Review by Mark Schwab
Now here is an excellent independent film that, after just 80 or so minutes, you find has snuck up and really grown on you. Being Awesome is about old high school friends, deep insecurities and deciding to face them head on. It is exactly the type of film I crave during summers of mostly forgettable celluloid. Allen C. Gardner does the Orson Welles thing here by writing, producing, directing and starring as former high school jock Teddy Adams. Gardner acquits himself beautifully on all counts.
The movie sets the tone quickly by beginning at a 10-year high school reunion where Lloyd (Drew Smith) is only attending because he promised his therapist he would (even taking selfies with unknown former classmates to prove it to him). Recently divorced from his high school sweetheart (who's attending with her new boyfriend), Lloyd was a lonely, unpopular art nerd in high school and is barely showing a pulse these days by sleepwalking through his teaching job and feeling powerless.
But at that reunion he also meets Teddy Adams who was one of the most popular jock kids at that high school. Teddy is also dealing with issues of not living up to his potential and is just coasting along also feeling powerless. He is just as unfulfilled as Lloyd is, but better at covering it up with his looks and smile. Luckily for both of them, they strike up an unlikely friendship and decide to "be awesome" instead of victims. And they'll do it together.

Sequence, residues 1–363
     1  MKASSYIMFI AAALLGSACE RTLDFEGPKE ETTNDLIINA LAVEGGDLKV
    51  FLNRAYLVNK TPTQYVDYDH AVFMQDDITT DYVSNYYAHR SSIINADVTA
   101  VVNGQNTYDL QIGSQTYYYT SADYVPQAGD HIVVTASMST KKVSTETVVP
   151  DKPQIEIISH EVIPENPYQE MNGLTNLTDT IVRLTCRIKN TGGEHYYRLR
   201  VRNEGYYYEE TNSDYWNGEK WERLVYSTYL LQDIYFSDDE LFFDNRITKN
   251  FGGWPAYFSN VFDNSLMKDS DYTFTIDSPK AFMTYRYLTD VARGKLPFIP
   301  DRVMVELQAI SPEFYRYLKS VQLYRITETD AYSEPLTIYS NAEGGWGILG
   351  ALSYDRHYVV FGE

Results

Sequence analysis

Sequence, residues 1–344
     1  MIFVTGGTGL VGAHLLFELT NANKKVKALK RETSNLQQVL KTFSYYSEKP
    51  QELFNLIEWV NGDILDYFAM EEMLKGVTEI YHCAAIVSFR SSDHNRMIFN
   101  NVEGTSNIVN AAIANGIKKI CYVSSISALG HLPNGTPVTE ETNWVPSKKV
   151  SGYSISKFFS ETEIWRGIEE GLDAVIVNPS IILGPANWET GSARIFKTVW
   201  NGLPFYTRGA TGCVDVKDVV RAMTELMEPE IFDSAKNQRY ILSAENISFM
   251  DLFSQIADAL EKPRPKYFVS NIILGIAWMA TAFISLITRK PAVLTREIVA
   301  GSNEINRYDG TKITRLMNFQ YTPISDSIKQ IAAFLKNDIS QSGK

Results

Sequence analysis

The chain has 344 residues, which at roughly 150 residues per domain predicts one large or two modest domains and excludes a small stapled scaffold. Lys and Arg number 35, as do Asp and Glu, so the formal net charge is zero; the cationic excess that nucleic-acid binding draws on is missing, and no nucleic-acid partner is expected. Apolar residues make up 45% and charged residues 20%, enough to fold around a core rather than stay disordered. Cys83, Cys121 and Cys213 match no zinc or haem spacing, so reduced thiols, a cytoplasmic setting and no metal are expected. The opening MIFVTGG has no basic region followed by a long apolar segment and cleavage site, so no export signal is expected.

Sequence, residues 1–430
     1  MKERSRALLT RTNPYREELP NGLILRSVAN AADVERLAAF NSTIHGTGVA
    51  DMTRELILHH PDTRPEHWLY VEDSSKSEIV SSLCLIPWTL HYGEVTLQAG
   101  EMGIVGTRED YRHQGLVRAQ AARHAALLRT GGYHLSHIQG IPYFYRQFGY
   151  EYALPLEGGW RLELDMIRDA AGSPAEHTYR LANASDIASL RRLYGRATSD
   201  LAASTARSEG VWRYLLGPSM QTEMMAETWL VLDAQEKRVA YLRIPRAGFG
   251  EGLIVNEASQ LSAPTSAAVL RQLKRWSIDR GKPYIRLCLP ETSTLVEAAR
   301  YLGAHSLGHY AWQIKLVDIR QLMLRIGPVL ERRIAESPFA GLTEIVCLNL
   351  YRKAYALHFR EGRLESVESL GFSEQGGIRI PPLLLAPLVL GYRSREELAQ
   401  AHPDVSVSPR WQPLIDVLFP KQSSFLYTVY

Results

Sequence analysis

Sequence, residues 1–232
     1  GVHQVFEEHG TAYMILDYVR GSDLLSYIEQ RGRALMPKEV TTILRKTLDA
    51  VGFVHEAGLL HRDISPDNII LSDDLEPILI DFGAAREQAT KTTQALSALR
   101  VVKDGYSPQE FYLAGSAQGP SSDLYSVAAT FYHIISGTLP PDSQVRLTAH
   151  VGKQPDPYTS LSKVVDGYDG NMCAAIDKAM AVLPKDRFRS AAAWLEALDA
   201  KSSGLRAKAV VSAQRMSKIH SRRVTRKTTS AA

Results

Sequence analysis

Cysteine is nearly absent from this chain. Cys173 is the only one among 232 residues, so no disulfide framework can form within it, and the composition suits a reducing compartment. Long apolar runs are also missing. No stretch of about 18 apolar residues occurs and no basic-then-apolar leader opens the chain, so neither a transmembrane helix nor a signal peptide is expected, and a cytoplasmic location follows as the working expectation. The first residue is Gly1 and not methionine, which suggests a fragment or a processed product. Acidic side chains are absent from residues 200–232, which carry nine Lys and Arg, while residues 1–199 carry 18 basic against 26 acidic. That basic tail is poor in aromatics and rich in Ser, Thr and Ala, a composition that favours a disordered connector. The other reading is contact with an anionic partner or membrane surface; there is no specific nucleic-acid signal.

The message I love in Being Awesome is that it totally supports the idea of getting out of your destructive patterns but to be aware that when you decide to make Big Changes it doesn't always go smoothly and in fact can get pretty messy. And that messiness is a very good thing because if it wasn't a challenge, then maybe it isn't a very big change.
I know that all might sound kind of new agey and trite - but trust me the movie is anything but. When Teddy and Lloyd decide to change their lives, the movie becomes rich with vivid characters and sub plots. It reminded me of that great movie Sideways where you had two friends who were total opposites but who the other absolutely needed to get past their personal demons, whatever the cost. Also, like Sideways, there isn't one weak performance - all of the supporting characters are key to the movie and interesting in their own right (especially Sean McBride in a critical role as an introverted student in Lloyd's class. As a former art teacher myself, this character was absolutely spot on.)
Being Awesome is intelligent, wonderfully acted, skillfully shot, tightly edited and totally lives up to its title. If this movie doesn't get some kind of wider theatrical release, then I weep for the future of independent film. You can check out their page here.